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Stoney Nakoda community cadets continues

Offering the opportunity to work on life skills, while promoting physical activity and giving back to the community, the previous captain said it was a very difficult decision to step down and she was hopeful to see the program continue
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Trent Twoyoungmen speaks with Stoney Nakoda Cadets at the Old Morley Gymnasium Nov. 7, 2019. CHELSEA KEMP RMO PHOTO

STONEY NAKODA – Can you use a flamethrower on a bear?

Not a question you hear every day, but it was one posed to the recently reignited Stoney Nakoda Cadet Corps Thursday (Nov. 7).

About half a dozen 12 to 13 year olds sat in a circle in the old Morley gymnasium, as the new cadet corps volunteer Tasina Pope invited community members to speak and share their knowledge, including Trent Twoyoungmen, who gave a crash course on firearm safety.

Quizzing the new cadets about if you can shoot an animal on a hill, which gun to use for hunting deer and when and where to use a flamethrower, the youth sat listening attentively for half an hour, as the instructor used wooden sticks as imaginary firearms and flamethrowers.

“Why do we hunt?” Twoyongmen asked, listening to a couple of the answers before continuing. “Because it is a cultural identity – deer, moose, buffalo, grouse, that is what we used to live with and off of.”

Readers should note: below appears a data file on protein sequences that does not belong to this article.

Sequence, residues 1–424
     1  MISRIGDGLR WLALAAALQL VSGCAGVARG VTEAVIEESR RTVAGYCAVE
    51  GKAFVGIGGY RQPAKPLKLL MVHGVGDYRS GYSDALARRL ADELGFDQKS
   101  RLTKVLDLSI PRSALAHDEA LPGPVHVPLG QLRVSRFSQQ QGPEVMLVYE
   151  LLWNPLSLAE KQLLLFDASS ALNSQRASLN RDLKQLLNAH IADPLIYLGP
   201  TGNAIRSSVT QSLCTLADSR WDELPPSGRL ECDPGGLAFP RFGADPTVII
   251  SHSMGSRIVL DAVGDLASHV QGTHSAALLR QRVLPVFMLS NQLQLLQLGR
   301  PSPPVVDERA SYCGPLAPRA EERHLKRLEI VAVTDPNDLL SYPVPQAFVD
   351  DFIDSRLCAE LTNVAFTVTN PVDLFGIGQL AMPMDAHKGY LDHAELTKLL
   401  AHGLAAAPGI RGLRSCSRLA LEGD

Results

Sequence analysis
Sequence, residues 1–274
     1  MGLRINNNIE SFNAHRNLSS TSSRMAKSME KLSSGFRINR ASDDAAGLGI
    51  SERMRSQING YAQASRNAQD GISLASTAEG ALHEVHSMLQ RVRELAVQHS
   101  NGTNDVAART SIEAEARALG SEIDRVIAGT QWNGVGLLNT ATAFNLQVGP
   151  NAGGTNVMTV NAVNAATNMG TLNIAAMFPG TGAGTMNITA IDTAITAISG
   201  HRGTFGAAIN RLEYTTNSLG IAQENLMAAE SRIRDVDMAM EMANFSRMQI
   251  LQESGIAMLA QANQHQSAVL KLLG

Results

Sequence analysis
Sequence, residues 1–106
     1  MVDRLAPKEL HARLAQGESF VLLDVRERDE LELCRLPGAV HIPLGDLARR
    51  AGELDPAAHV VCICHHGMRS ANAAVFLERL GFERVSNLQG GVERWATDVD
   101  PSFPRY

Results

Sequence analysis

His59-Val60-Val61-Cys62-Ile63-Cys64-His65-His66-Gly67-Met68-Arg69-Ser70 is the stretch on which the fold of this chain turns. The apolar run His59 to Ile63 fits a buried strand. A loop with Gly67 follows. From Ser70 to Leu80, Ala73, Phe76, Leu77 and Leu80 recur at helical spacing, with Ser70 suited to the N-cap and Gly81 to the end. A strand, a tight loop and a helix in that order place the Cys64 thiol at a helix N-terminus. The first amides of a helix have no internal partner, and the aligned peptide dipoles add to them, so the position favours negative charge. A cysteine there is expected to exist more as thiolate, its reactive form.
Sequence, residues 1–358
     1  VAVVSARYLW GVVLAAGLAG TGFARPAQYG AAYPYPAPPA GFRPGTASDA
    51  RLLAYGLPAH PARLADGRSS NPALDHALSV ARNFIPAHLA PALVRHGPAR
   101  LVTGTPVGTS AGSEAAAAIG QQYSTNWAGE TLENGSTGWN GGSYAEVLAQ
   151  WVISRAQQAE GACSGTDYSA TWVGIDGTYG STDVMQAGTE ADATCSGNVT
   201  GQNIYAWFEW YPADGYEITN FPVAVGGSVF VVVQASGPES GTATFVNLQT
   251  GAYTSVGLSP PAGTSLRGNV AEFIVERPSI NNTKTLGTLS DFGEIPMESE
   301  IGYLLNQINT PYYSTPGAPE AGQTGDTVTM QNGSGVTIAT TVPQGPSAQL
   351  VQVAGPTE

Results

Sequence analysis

Touching on the importance of culture and heritage, Twoyoungmen also explained that while hunting licences were not required for Indigenous people with status, as the provincial and federal law states, it is important to still be responsible hunters and to only hunt for sustainable purposes – joking that squirrels were no good to eat, but that grouse is almost better than KFC.

After his presentation, Twoyoungmen said he is excited to see the cadets program continue after the uncertainty earlier this fall when the two captains announced they were stepping down from the program.

Introduced on the Nation in the early 2010s with strong support from the three bands, Bearspaw, Wesley and Chiniki, the Nation elders, community members and the Community Tripartite Policing Agreement (CTA) members – the Stoney Nakoda Community Corps program began as a way to give the youth something to do.

Offering the opportunity to work on life skills, while promoting physical activity and giving back to the community, the previous captain said it was a very difficult decision to step down and she was hopeful to see the program continue.

“I think because there is no word for goodbye in the Nakoda language, my farewell to them would be, keep looking forward, don’t doubt yourself, thank you for the lesson you taught me and never give up,” Captain Raquel “Rockie” Schmaus previously told the Outlook.

Determined to not let the program fade out, after less than a month of searching for a new captain, the CTA members, Const. Jennifer Brewer and Const. Dave Cardoso secured Nation member and veteran Pope to help takeover the program.